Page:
But rather than buy all your medicinal herbs, try growing a few in your garden, where you can get to know each plant in its verdant, vibrant natural state. Many medicinal plants double as beautiful ornamentals; you might even have some of the growing in your yard already.*
Growing your own remedies means learning how to harvest each herb and imbibe it in a way that will produce the desired medicinal effect. Often the easiest way is to dry the herbs and make a tea. If you’re a little more ambitious, you could also make herbal tinctures, an approach in which alcohol is used to extract the medicinal compounds and preserve them in liquid form.
All of the herbs below have a long history of medicinal use and are widely recognized as safe. Still, always consult with a professional herbalist or medical doctor before using any medicinal herbs to ensure that there are no contraindications with medications you’re taking or pre-existing medical conditions that you have.
Echinacea (Echincaea purpurea and Echinacea angustifolia) ”“ Zones 3 to 9
Also known as coneflower, echinacea is as popular in the flower border as it is for its immune boosting properties. This native flower is one of the preeminent herbs for treating the common cold. Only the roots have medicinal properties though, so you’ll have to dig up the plant to make us of it. Harvest in fall. Useful in both tea and tincture form, echinacea needs full sun and grows about 2 feet tall. Grow from seed or potted specimens.
Passionflower (Passiflora incarnata) ”“ Zones 5 to 9
While the decadent blossoms of the passionflower vine are beautiful to behold, it is the leaves that are used medicinally. It is considered a mild sedative and is often used to treat sleep disorders and anxiety; the herb has traditionally been used as an aphrodisiac, as well. This cold hardy native passionflower is the primary species used as medicine; the common ornamental passionflowers sold in many nurseries are subtropical plants that don’t have the same medicinal properties. The two look very similar, so be sure you’re buying Passiflora incarnata. Harvest in spring, summer, or fall. Used in both teas and tinctures, passionflower vine needs full sun and grows to about 20 feet. Grow from potted specimens.
Cramp Bark (Viburnum opulus) ”“ Zones 3 to 8
Also known as snowball bush, highbush cranberry, and guelder rose, this European shrub is one of the most popular herbal remedies for relieving menstrual cramps. Prized for its puffy white blossoms and sour red berries, the medicinal properties of the cramp bark bush, as the name implies, are found in the bark. The bark is easiest to harvest when the sap starts to flow in early spring, just before the leaves appear, when it peels easily from the smaller branches. It is primarily used in tincture form. Cramp bark prefers part sun and grows to 8 or 10 feet in height. The native North American species of cramp bark V. trilobum may also be used. Avoid using ornamental viburnums for medicinal purposes. You may be able to find wild specimens at your local native plant nursery; otherwise grow from wild-harvested seed.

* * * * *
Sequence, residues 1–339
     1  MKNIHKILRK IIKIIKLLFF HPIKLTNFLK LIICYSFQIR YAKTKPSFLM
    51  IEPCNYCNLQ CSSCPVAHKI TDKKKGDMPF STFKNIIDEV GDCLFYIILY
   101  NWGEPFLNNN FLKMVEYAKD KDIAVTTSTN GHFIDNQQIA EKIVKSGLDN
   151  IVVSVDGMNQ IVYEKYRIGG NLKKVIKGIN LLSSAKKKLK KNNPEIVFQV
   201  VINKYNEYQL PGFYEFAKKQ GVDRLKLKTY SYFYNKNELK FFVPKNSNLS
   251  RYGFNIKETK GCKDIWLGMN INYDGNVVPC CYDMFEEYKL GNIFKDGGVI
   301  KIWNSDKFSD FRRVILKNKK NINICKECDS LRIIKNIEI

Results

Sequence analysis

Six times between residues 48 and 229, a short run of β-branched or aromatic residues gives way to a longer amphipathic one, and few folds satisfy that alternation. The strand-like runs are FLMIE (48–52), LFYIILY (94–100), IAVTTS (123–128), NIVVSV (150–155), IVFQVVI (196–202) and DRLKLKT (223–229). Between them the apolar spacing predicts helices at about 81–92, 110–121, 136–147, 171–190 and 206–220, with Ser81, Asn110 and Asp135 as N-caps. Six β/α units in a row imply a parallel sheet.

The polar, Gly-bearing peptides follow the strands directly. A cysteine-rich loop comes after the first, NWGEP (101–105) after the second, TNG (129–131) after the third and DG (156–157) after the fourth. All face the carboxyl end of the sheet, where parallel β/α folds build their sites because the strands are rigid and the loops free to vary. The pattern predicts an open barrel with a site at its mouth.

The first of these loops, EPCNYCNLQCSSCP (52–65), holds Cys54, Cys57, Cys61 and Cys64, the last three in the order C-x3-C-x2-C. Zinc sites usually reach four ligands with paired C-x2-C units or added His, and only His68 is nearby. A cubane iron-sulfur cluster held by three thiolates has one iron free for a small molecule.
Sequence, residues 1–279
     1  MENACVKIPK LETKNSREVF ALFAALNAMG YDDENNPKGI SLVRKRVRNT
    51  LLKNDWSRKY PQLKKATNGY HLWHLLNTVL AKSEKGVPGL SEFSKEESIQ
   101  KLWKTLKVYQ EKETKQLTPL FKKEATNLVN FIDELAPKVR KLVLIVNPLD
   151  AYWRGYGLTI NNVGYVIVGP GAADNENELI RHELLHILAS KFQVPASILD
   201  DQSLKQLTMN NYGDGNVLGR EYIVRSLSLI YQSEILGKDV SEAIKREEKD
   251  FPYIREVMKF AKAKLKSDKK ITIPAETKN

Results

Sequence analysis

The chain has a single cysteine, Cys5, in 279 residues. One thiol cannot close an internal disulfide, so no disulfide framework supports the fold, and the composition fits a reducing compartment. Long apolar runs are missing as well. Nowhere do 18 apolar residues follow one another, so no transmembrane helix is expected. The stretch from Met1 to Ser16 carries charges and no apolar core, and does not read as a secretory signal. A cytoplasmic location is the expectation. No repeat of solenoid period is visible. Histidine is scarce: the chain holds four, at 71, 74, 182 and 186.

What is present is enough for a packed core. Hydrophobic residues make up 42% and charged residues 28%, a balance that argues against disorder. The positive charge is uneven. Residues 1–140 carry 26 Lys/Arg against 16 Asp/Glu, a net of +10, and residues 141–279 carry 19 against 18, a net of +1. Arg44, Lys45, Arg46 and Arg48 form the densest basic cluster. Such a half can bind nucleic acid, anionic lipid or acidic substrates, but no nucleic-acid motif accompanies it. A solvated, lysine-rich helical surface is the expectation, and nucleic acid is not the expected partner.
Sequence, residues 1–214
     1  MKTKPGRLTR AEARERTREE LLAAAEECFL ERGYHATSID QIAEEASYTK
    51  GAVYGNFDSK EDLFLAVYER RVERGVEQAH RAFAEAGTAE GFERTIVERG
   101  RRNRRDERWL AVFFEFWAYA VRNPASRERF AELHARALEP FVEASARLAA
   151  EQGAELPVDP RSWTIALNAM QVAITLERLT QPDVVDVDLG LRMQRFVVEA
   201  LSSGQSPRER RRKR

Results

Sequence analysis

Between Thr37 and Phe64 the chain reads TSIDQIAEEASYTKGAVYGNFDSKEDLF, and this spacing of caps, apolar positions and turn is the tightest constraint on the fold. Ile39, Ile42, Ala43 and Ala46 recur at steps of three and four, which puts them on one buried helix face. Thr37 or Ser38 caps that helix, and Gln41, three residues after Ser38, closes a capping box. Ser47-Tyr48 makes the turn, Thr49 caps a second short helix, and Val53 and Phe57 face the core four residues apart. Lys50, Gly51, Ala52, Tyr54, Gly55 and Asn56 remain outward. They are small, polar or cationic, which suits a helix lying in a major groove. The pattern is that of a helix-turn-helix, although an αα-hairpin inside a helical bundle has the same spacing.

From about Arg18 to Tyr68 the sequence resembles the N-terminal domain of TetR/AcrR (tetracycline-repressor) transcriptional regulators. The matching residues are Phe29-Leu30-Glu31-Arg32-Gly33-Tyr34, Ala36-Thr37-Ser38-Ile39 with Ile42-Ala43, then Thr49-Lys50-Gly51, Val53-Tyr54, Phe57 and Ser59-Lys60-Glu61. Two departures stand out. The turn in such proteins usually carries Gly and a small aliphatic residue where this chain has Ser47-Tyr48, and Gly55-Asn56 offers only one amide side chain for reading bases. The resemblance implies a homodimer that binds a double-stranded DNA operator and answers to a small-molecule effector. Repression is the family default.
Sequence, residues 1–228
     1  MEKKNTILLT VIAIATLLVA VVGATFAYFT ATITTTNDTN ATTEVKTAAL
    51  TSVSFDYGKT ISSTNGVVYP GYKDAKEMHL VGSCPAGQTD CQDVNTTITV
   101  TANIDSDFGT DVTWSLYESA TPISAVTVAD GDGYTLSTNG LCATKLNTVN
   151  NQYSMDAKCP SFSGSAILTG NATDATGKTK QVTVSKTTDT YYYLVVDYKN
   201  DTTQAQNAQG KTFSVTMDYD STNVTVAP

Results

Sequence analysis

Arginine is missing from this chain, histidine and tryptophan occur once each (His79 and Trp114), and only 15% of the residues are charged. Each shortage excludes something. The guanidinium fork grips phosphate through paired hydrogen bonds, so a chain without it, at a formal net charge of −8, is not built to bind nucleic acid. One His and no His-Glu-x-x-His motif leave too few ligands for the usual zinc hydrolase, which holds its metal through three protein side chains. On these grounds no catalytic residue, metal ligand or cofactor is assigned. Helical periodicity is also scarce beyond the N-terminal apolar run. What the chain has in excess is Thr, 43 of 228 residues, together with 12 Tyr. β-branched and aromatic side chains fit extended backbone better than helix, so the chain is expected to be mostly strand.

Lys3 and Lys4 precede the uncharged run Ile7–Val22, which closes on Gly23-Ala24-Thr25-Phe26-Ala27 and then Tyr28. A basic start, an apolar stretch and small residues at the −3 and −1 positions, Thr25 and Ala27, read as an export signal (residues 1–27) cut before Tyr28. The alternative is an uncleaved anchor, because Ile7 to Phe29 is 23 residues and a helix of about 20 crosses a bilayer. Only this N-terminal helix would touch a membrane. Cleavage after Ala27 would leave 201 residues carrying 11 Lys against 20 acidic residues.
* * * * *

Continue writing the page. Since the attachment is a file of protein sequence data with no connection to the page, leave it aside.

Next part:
St. John’s Wort (Hypericum perforatum) ”“ Zones 3 to 8
This tall groundcover with bright yellow blossoms is one of the top herbal remedies for mild depression and other mood disorders, though a variety of other medicinal properties have been attributed to it. The flowering tops are harvested in summer for use in tea or tincture. St. John’s wort prefers full sun and grows to about 2 feet. Grow from potted specimens.
Gingko (Gingko biloba) ”“ Zones 3 to 9
Also known as maidenhair tree, gingko is a majestic tree from Asia known for its golden fall foliage. Commonly planted as a shade tree, gingko has a long history of use in traditional Chinese medicine, for conditions ranging from glaucoma to heart disease. Today, gingko is most often prescribed for memory problems. Harvest the leaves in spring or summer; primarily used in tincture form. Gingko needs full sun and grows slowly to 50 feet or more. Grow from seedlings.
Elderberry (Sambucus nigra) ”“ Zones 3 to 9
Both the creamy, saucer-shaped blossoms and purplish-black berries of this European shrub are used medicinally, primarily for cold and flu symptoms. Elderberry is especially useful in treating bronchial irritation and for relieving a cough. Harvest the flowers in spring and the berries in late summer. They are used in both teas and tinctures, though elderberry cough syrup (made with honey, cinnamon cloves, and ginger) is one of the most popular ways to take it. Elderberry grows best in part sun and reaches 10 to 15 feet in height. The native North American elderberry species S. canadensis and S. cerulea may also be used; red elderberry (S. racemosa) is considered poisonous, however. (It’s not deadly, but you can count on a bad stomachache.) Avoid using ornamental elderberries for medicinal purposes. You may be able to find wild elderberry at your local native plant nursery; otherwise grow from wild-harvested seed.
German Chamomile (Matricaria recutita) – Annual/All Zones
This dainty daisy-like flower is one of the easiest medicinal plants to grow at home – and one of the most popular remedies in the Western herbal tradition. Chamomile is a soothing, calming herb for the nerves, as well as for an upset stomach, though a long list of other healing properties have been attributed to it. The flowers are used for medicinal purposes, rather than the leaves, generally as a tea. Harvest in summer. Chamomile needs full sun and grow to about 18 inches tall. Grow from seed.
*Ornamental cultivars may not have the same medicinal potency as their wild relatives. The sources for seeds and plants provided are for strains with known medicinal value.